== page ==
At this time, commercial composting is not wide scale in the United States and compostable plastic products that are disposed of almost always end up in a landfill, where they will not biodegrade any time soon.
15. What about the term degradable, is that the same thing?
No. Degradable means the plastic will break down into smaller and smaller parts. It does not refer to any biological activity. The products of degradation may simply be small parts of the original material and no conversion to biodegradation products has occurred.
16. What are the by-products of biodegradation?
In a composting or oxygen rich environment, the by-products are CO2, water and humus (biomass) which can make a good fertilizer.
In an anaerobic environment, (such as deep in a landfill) the by-products of biodegradation are methane (CH4) and humus (biomass).
17. Why use a biodegradable material instead of an oxodegradable material?
An oxodegradable material uses metal ions as an additive in the plastic. As the ions attract oxygen they break down the plastic molecules into smaller and smaller lengths. This has nothing to do with biological activity. For an oxodegradable material to degrade it has to be in the presence of oxygen and sunlight. Without these the material will undergo little to no degradation and last just as long as an untreated plastic would. As long as the product is in the presence of oxygen, the material will start to break down, hence an oxodegradable product will start to break down while sitting on a warehouse shelf. This does NOT happen with a biodegradable product.
18. If biodegradation produces methane, is that a problem for global warming?
This has a two part answer.
a) Methane in the Earth’s atmosphere is an important greenhouse gas with a global warming potential of 25 over a 100-year period. This means that a methane emission will have 25 times the impact on temperature of a carbon dioxide emission of the same mass over the following 100 years. Methane has a larger effect but for a briefer period (a net lifetime of 8.4 years in the atmosphere), whereas carbon dioxide has a smaller effect for a longer period (over 100 years). Usually, excess methane from landfills and other natural producers of methane are burned so CO2 is released into the atmosphere instead of methane. Since methane does have a higher global warming potential than CO2 then one of the faster ways to mitigate global warming is to prevent methane reaching the upper atmosphere. (http://en.wikipedia.org/wiki/Methane) Hence part (b) of the answer.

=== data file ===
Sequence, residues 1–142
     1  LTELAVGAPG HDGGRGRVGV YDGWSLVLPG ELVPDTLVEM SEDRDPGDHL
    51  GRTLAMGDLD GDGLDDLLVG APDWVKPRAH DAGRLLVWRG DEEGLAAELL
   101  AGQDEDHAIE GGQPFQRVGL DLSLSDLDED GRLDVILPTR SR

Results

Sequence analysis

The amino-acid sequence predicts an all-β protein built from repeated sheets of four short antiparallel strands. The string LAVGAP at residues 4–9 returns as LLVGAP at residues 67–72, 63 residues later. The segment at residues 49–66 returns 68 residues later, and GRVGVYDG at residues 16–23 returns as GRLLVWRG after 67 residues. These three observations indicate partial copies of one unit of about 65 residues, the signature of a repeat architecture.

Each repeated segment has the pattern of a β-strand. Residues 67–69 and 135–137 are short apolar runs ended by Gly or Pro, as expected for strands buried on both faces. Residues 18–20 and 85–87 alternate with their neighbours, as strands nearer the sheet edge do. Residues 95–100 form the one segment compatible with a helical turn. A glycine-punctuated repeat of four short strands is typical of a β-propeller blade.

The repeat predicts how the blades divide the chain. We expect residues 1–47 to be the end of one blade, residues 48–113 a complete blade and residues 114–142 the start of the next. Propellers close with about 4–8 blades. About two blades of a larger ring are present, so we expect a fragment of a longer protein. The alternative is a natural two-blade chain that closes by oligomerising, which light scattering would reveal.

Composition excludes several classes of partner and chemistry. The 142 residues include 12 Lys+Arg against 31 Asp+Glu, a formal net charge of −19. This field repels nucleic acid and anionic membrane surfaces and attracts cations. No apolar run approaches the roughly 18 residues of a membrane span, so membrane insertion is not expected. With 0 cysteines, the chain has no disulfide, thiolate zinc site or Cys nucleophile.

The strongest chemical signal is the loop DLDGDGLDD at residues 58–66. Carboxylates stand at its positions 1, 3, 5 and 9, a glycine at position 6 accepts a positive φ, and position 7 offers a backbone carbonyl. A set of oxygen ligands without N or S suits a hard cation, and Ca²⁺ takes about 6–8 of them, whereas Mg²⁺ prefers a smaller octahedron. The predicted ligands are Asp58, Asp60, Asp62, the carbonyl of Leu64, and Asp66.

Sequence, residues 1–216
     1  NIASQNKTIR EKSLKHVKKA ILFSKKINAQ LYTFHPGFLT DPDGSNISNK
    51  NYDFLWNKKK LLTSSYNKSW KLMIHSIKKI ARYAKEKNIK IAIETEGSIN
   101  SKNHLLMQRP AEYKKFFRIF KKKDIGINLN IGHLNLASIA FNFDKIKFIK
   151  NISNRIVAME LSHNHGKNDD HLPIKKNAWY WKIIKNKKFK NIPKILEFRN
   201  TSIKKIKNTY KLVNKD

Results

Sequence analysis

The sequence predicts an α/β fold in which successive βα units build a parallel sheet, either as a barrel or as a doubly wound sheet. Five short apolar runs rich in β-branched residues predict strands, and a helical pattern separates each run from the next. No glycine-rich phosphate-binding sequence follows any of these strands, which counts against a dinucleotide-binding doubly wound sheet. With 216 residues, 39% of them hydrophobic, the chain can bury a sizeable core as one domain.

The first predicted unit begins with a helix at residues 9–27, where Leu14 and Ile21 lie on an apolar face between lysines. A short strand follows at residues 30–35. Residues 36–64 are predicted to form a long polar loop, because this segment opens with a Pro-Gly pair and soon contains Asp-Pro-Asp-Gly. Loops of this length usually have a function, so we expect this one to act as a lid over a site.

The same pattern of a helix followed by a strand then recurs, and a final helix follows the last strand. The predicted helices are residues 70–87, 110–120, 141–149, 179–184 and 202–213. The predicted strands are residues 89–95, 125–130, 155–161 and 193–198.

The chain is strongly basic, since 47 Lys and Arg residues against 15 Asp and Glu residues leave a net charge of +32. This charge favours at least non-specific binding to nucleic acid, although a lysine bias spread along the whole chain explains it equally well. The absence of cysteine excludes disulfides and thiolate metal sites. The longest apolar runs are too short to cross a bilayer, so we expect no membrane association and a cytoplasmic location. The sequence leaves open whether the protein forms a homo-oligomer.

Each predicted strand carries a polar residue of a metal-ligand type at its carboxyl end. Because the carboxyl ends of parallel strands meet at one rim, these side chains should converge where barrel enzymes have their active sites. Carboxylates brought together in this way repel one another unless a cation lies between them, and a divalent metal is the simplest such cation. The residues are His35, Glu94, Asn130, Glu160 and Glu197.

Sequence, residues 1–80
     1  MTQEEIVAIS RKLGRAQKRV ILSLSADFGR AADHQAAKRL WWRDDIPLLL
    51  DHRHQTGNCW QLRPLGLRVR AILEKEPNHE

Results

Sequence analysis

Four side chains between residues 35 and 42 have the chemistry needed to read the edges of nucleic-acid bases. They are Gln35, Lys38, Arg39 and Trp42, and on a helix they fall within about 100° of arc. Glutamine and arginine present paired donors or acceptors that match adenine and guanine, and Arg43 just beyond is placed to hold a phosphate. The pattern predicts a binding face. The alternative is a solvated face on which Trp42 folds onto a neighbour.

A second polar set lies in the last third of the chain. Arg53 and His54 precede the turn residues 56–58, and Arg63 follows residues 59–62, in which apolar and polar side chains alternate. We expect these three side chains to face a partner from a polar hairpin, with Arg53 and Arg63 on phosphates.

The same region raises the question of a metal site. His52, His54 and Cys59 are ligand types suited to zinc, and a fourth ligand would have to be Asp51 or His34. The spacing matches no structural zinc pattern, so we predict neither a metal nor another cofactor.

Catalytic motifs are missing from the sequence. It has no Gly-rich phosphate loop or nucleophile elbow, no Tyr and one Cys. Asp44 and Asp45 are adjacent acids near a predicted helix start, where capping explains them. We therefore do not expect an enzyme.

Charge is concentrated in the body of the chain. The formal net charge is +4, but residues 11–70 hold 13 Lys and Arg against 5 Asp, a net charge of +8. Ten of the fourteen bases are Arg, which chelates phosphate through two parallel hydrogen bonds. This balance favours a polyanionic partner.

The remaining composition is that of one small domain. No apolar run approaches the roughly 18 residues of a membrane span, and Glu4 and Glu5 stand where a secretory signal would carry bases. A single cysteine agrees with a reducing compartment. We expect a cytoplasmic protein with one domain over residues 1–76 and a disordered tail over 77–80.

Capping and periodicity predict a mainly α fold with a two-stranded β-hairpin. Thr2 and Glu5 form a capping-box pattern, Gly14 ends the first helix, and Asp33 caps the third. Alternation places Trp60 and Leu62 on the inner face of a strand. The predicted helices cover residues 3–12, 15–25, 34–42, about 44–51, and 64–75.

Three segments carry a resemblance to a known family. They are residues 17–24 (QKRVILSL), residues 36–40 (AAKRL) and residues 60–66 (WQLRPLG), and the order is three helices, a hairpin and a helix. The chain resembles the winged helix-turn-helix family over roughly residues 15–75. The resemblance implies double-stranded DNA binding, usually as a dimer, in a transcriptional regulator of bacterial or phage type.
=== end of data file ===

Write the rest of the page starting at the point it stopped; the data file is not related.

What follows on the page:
b) As of October 2010, there are approximately 526 operational LFG energy projects in the United States and 515 landfills that are good candidates for projects that could turn their gas into energy, producing enough electricity to power more than 665,000 homes. Producing energy from LFG avoids the need to use non–renewable resources such as coal, oil, or natural gas to produce the same amount of energy. This can avoid gas end–user and power plant emissions of CO2 and criteria pollutants such as sulphur dioxide (which is a major contributor to acid rain), particulate matter (a respiratory health concern), nitrogen oxides (NOX), and trace hazardous air pollutants. http://www.epa.gov/lmop/basic-info/
19. Others say it is better to recycle used plastic items. Is that true?
In theory yes. The EPA promotes reduce, recycle and composting (a form of biodegradation) as ways to reduce waste. http://www.epa.gov/osw/conserve/rrr/index.htm. In reality only 7% of plastics are recycled in the USA, the rest end up in a landfill. Therefore while some plastic items can be recycled, only a few of them ever make that journey. Most would still end up buried in a landfill. The math is simple to perform: One hundred percent of plastic items discarded into a landfill biodegrading or only seven percent of plastic being recycled while the rest persist for hundreds of years.
A report was recently published (from http://ensobottles.com/blog/2010/08/why-recycling-is-not-enough-to-solve-plastic-bottle-pollution/ )stating that recycling only begins to have a positive environmental impact once rates of 50% or higher are achieved. This is why it is a better environmental solution to have both biodegradable and recyclable. It is going to take decades to get recycle rates up to the 80 – 90% range. Unless changes are made to switch to biodegradable products we will be continuing to contribute to the overwhelming global plastic pollution problem.
Landfill biodegradable plastics are a solution we have available to us today. The plastics fully integrate into the existing recycling infrastructure and for all treated plastics that end up in landfills they will naturally biodegrade to biogas and soil. Plus, the methane can be used, and is being used at hundreds of landfills to create clean energy thus offsetting the need to use additional fossil fuel for electricity.
20. Will a landfill biodegradable plastic affect the ability to be recycled?
No. The treated plastic can be recycled like any product. The biodegradation aspect does not change any of its recyclability properties. It is worth noting that plastics only get recycled a number of times and eventually all get discarded. Therefore biodegradation is the ultimate sustainable solution to our plastics problem.